A group of women at a health center
Child bearing and raising a family is oftentimes a very prideful event in the lives of women. Considering that a woman must survive her pregnancy first to become a mother, a woman’s health and welfare during and following her pregnancy is paramount. This is the point that experts say makes reproductive health services, especially access to family planning, a major priority for the promotion of better lives for mothers and their families.
Ghana is on course to meeting its 2004 revised national population policy target, with the government continuing to show determination for improving family planning usage. Reproductive health advocates contend however that the recent national efforts are not enough to bring about the needed change. In Ghana 35% of married women and 20% of unmarried women have unmet need for contraception. This indicator refers to the percentage of women in their fertile years of age and sexually active but are not using any method of contraception. This indication to space or limit child bearing speaks volumes about women welfare and their freedom of choice to make their own reproductive health decisions. In the case of Ghana therefore, the high number of women who report not wanting any more children or seeking to delay the next child and yet not using contraceptives means more women are at risk of unintended pregnancies and its associated dangers.
It is against this backdrop that proponents believe cost free family planning would empower women and enhance their freedom to effectively take charge of their destinies. It is well known that knowledge and awareness about family planning methods in Ghana are almost at par with most developed societies, the rate of use however has been less than desirable. Yet policy statements from the Ministry of Health seeking to remove financial barrier, one of the major challenges limiting family planning uptake, are not backed by practical implementation plans.
Referring to what he calls lethargic policy statements, a member of the Advisory Council of Reproductive Health and Safe Abortion Advocacy group, Global Doctors for Choice (GDC) Ghana, Mr. Alagsekomah Asakeya Noble said it is close to a year after the announcement by Hon. Sherry Ayittey, past Minister of Health, that the government was to incorporate family planning services into the free maternal health care under the National Health Insurance Scheme and over two years after similar pronouncement was also made by another former Minister of Health, the Hon. S. K. Bagbin, and yet women are still paying for family planning services.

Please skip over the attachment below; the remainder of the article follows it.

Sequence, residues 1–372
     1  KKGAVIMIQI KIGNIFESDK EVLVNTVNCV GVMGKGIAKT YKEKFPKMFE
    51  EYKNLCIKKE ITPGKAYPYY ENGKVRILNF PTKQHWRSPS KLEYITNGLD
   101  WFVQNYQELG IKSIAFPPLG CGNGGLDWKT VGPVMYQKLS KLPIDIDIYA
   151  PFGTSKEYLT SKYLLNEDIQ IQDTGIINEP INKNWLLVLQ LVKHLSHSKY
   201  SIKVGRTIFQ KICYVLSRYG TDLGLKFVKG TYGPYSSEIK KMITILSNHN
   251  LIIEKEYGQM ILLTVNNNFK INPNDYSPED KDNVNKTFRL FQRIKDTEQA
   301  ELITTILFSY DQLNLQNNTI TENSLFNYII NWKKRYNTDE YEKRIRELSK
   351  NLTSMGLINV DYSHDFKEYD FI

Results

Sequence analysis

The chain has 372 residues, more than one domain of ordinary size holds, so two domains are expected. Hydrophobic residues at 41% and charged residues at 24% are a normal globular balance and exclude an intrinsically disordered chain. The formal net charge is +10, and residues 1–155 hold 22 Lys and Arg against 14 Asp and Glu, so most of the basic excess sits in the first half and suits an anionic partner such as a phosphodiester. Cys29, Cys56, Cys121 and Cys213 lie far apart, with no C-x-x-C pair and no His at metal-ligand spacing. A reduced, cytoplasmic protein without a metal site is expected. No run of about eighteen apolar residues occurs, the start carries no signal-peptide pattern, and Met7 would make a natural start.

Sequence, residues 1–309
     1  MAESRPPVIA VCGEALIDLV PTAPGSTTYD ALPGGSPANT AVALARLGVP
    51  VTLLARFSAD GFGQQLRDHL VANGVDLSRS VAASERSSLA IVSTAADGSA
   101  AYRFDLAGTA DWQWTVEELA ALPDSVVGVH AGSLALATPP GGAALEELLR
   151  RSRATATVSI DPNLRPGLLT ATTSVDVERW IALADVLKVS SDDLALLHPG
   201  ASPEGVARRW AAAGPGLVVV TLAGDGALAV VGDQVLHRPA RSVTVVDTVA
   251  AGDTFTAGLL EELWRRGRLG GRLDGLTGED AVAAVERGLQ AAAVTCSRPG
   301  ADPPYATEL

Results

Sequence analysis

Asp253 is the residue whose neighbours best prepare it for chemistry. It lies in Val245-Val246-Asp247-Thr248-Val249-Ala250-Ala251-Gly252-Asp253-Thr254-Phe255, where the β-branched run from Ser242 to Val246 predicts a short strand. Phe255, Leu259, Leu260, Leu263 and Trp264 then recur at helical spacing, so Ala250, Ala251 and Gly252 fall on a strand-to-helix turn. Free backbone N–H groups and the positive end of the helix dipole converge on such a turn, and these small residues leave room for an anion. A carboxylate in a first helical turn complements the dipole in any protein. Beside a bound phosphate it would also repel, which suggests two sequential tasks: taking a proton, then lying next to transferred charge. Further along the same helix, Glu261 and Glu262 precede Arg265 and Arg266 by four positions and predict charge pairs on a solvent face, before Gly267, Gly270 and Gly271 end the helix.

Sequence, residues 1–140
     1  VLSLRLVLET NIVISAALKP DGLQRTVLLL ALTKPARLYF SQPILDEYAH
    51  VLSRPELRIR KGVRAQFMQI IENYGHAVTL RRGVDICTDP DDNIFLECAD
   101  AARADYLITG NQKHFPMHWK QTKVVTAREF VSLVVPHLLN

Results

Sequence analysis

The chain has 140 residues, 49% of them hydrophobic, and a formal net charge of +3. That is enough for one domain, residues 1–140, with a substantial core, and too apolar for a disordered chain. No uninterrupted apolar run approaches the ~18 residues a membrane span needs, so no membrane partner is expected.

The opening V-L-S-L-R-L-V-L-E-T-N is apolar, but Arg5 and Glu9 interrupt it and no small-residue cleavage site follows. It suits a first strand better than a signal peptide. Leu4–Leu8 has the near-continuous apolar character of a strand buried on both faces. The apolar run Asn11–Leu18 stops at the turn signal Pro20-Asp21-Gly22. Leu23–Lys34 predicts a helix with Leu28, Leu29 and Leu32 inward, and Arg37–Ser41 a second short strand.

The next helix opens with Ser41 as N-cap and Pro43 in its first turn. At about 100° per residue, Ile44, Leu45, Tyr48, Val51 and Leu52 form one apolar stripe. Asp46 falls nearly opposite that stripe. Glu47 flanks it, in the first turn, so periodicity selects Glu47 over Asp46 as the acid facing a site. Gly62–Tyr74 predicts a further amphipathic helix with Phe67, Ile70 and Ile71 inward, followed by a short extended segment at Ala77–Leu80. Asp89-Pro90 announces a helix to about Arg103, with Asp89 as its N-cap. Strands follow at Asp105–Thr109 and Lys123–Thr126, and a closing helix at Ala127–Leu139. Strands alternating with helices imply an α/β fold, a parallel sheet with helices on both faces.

Mr. Alagsekoma pointed out that it was not enough to make public pronouncements about the intention of the government to carry out a particular programme if there is no definite plan and resources to implement such programmes.
He observed that considering how Ghana has seen significant improvement in its health infrastructure across the country, helping to reduce geographic barriers to family planning, it is imperative to bring on board policies that will target the removal of financial barriers to the service. The intention of government to initiate cost free family planning therefore marks an important step. Unfortunately the same government that is quick to announce its good intentions seems to lack the ability to carry them through. Mr. Alagsekoma commended the implementation of cost free family planning services in the Upper East region as part of measures to improve maternal and newborn health and challenged other regions to emulate the Upper East Region’s example.
In an interview with the Upper East Regional Director of Health Services, Dr. Koku Awoonor, an ardent supporter of the implementation of the cost free family planning program in the region, he indicated that the Upper East Region is excited to be playing a pioneering role in health system development in the country. The region was therefore thrilled to take led in rolling out cost free family planning services. Dr Awoonor-Williams observed that access to family planning provides women and girls the power to take control of their reproductive life so that they can escape the four principal dangers of motherhood, getting pregnant too early, too often, too many times or too late. He also noted how other family planning methods, such as condoms, help to reduce the risk of HIV and other sexually transmitted infections.